A critical element in planetary defense and the search for dangerous asteroid continues to plod along. The Neo Surveyor, previously named NeoCam has been on the drawing board for more than a decade. While getting approval to move to the next stage of development, the earliest date this new telescope could launch is 2026.
In 2005 congress mandated NASA with the task of detecting and cataloging at least 90 percent of Near Earth Asteroids (NEO’s) 450 feet in size by 2020. NASA failed to meet that deadline. One NASA scientist estimated that about two thirds of the NEO’s larger than 450 feet remain to be discovered.
Earth is under constant threat of an asteroid impact.
It’s curious that it typically takes an meteor impact or a close call for our government and NASA to take action. In 2013, several months after the Chelyabinsk, Russia meteor blast, the end of life space telescope WISE was reincarnated as NEOWISE to conduct a survey of asteroids. Then after the close call in July 2019 of 2019 OK, a previously undiscovered 427-foot wide asteroid that passed within 40,000 miles of Earth, NEOCam received funding after waiting in the wings for years.
Both of these close calls were from undetected asteroids. If 2019 OK had struck a city like Los Angeles, millions of people could have perished in the blink of the eye by an unknown, unseen terror from the sky.
At least continued development of NeoSurveyor has been approved without any recent threat event. Let’s hope that NASA and JPL continue to be diligent in their search for possible threats from space.
From JPL and Astronomy Magazine:
The infrared space telescope is designed to help advance NASA’s planetary defense efforts.
NASA has approved the Near-Earth Object Surveyor space telescope (NEO Surveyor) to move to the next phase of mission development after a successful mission review, authorizing the mission to move forward into Preliminary Design.
The infrared space telescope is designed to help advance NASA’s planetary defense efforts by expediting our ability to discover and characterize most of the potentially hazardous asteroids and comets that come within 30 million miles of Earth’s orbit, collectively known as near-earth objects, or NEOs.
“NEO Surveyor will have the capability to rapidly accelerate the rate at which NASA is able to discover asteroids and comets that could pose a hazard to the Earth, and it is being designed to discover 90 percent of asteroids 140 meters in size or larger within a decade of being launched,” said Mike Kelley, NEO Surveyor program scientist at NASA Headquarters.
Following completion of the goal to discover 90 percent of all NEOs larger than 1,000 meters (3,280 feet) in size in 2010, the National Aeronautics and Space Administration Act of 2005 (Public Law 109-155) directed NASA to discover 90% of NEOs larger than 140 meters (459 feet) in size. The agency is diligently working to achieve this directive and has currently found approximately 40% of near-Earth asteroids within this size range.
“Each night, astronomers across the globe diligently use ground-based optical telescopes to discover new NEOs, characterize their shape and size, and confirm they do not pose a threat to us,” said Kelly Fast, program manager for NASA’s NEO Observations Program. “Those telescopes are only able to look for NEOs in the night sky. NEO Surveyor would allow observations to continue day and night, specifically targeting regions where NEOs that could pose a hazard might be found and accelerating the progress toward the Congressional goal.”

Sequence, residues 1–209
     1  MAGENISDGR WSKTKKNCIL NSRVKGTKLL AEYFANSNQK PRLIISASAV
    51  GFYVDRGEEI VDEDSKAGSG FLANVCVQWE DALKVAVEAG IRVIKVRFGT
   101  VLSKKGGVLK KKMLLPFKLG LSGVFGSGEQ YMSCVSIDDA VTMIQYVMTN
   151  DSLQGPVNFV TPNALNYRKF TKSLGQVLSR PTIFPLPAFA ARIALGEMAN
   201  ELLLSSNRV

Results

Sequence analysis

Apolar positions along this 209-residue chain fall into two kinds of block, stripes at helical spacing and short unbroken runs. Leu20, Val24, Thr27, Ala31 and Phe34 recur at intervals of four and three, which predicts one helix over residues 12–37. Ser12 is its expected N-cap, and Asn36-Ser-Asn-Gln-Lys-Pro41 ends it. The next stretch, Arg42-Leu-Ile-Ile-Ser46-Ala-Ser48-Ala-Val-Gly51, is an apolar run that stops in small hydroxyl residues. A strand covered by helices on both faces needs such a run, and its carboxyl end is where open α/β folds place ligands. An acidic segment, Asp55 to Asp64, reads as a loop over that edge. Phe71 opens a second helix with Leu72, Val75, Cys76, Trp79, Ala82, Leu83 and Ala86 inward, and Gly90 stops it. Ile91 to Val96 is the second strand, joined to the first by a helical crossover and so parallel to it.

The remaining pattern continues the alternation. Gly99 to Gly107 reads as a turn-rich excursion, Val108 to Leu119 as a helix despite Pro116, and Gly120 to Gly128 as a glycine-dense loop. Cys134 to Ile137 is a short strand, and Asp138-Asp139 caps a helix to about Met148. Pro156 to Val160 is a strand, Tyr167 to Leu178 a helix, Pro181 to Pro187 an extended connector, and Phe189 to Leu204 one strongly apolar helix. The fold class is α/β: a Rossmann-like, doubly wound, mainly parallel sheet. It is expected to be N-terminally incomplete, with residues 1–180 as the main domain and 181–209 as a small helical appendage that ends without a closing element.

Discovering, characterizing, and tracking potentially hazardous NEOs as early as possible is crucial in ensuring that deflection or other preparations for impact mitigation can be carried out in time. NASA will test one deflection technology – the kinetic impactor – with its Double Asteroid Redirection Test (DART) mission, to be launched later this year. While there are no known impact threats to Earth for the next century, unpredicted impacts by unknown NEOs – such as the 2013 Chelyabinsk event in Russia – still pose a hazard to Earth. Using sensors that operate in the infrared, NEO Surveyor would help planetary scientists discover NEOs more quickly, including ones that could approach Earth during the day from closer to the direction of the Sun – something that is not currently possible using ground-based optical observatories.
“By searching for NEOs closer to the direction of the Sun, NEO Surveyor would help astronomers discover impact hazards that could approach Earth from the daytime sky,” said Amy Mainzer, principal investigator for NEO Surveyor at the University of Arizona. “NEO Surveyor would also significantly enhance NASA’s ability to determine the specific sizes and characteristics of newly discovered NEOs by using infrared light, complementing ongoing observations being conducted by ground-based observatories and radar.”
NEO Surveyor’s approval to move to this next mission milestone brings the telescope one step closer to launch, which is currently scheduled for the first half of 2026. The mission is being developed by NASA’s Jet Propulsion Laboratory in Southern California and managed by NASA’s Planetary Missions Program Office at Marshall Space Flight Center, with program oversight by the Planetary Defense Coordination Office (PDCO). NASA established the PDCO in 2016 to manage the agency’s ongoing efforts in Planetary Defense.